Climate change experts have backed calls for tighter planning restrictions to prevent new building on flood plains after the worst national flooding crisis in a generation.
After a major study of city floods around the world, academics at University College Cork, the London School of Economics, and Oxford University found no evidence that cities, their economic hubs, or large population centres relocate after large floods.
Full economic activity has usually resumed in the flood-prone zones, usually within a year, they said.
The study also warned that modern cities with high population concentrations in low-lying areas face greater flood risk as sea levels rise and extreme rainfall episodes become more frequent.
“At a minimum, tighter planning restrictions are required to prevent new building on existing flood plains,” said co-author Tom McDermott, of UCC’s school of economics and the Environmental Research Institute — one of Ireland’s leading climate change research centres.
Extreme rainfall during December resulted in widespread flooding across parts of Ireland and the UK, with some estimates putting the cost of the devastation to the British economy alone at close to £3bn (€4.07bn). In Ireland, the repair bill could top €100m.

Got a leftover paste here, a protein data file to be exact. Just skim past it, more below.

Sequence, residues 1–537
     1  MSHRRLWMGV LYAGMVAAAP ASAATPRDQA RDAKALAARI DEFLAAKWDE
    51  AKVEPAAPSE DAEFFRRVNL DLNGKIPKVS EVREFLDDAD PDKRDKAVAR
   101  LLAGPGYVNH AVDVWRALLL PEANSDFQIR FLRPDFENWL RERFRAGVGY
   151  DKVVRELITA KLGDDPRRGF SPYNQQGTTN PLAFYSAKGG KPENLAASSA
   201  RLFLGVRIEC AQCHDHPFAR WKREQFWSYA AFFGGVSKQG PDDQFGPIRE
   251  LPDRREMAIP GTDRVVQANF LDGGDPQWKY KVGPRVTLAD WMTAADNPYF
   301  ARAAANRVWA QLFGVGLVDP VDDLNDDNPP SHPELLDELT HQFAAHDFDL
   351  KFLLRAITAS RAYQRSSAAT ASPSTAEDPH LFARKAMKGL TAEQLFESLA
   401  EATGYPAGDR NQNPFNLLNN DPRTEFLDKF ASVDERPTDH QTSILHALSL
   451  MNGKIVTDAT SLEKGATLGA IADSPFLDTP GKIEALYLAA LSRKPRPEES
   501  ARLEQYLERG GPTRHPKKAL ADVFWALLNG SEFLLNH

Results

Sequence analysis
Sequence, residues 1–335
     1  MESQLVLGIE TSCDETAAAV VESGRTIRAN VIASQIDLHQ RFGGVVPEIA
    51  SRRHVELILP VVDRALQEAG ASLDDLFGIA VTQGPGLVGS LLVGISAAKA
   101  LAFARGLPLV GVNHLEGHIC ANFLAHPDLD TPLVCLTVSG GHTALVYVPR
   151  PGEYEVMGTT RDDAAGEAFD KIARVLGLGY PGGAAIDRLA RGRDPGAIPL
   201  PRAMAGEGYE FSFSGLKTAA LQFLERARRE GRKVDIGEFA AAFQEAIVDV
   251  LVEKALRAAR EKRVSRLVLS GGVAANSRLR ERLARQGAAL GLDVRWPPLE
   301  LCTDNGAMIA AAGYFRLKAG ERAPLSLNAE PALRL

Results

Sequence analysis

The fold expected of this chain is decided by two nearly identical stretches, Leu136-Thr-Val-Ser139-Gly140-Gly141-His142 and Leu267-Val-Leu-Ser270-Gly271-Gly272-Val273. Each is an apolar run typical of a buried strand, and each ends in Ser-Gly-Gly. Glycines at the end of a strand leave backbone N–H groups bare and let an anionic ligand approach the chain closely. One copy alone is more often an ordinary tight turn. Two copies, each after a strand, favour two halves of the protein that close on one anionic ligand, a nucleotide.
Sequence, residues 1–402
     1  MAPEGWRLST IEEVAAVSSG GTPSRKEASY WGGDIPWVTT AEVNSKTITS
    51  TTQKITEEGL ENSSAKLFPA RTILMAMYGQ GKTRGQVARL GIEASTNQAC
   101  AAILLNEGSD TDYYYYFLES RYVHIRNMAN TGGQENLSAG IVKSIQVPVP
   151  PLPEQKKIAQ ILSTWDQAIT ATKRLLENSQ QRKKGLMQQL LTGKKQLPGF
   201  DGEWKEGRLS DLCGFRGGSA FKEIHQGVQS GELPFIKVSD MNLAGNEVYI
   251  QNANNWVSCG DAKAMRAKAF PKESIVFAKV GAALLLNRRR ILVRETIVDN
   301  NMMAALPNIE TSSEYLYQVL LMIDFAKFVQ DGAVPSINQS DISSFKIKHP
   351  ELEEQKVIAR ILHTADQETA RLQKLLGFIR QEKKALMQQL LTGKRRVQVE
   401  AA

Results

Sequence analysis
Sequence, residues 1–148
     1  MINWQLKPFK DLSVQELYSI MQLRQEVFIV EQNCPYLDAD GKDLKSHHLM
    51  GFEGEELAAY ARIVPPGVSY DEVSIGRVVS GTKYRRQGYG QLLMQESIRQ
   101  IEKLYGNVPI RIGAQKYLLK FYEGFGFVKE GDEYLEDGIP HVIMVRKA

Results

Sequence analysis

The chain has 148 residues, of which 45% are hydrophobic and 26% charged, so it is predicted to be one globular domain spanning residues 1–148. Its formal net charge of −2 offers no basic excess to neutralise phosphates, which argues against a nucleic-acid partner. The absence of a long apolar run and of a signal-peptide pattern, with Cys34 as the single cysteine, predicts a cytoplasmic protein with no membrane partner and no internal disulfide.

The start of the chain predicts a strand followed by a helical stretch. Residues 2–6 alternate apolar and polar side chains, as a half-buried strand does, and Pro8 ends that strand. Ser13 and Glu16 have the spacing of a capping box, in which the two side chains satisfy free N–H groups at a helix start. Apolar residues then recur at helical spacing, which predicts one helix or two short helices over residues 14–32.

Over the past 30 years, floods worldwide have killed more than 500,000 people and displaced over 650m people.
In the new study, Mr McDermott and his colleagues looked at the effects o f more than 50 large floods, which displaced at least 100,000 people each in more than 1,800 cities in 40 countries from 2003 to 2008.
They found that the low-lying urban areas hit more often by large floods are also the areas with the higher density of economic activity.
However, while these areas sustain more flood damage and recover quickly, the economic activity does not move to safer locations.
Mr McDermott said part of the problem is that many cities were built in flood-prone locations at a time when access to a river or the coast was economically important.
However, the cities have remained in flood-risk locations even when modern land transport reduced the importance of access to waterways.
The study also said that because governments bear much of the costs of building and maintaining flood defences and compensating flood victims, private developers can build on cheap, flood-prone land without bearing the full cost of their actions.
This has resulted in too many people ending up living in these flood-risk areas.
“As a society we appear to be overly exposed to flood risk — there are various reasons why developers and house builders do not take full account of flood risk when deciding where to build,” said Mr McDermott.
“Rising sea levels and more extreme rainfall episodes as a result of climate change will lead to greater flood risk — more frequent flooding of existing flood-prone areas or an expansion of areas at risk.
“We, as a society, must look at ways of mitigating that risk, and not building on flood plains would be a good place to start.”
Last month, the Oireachtas environment committee also called for a ban on new buildings on flood plains.
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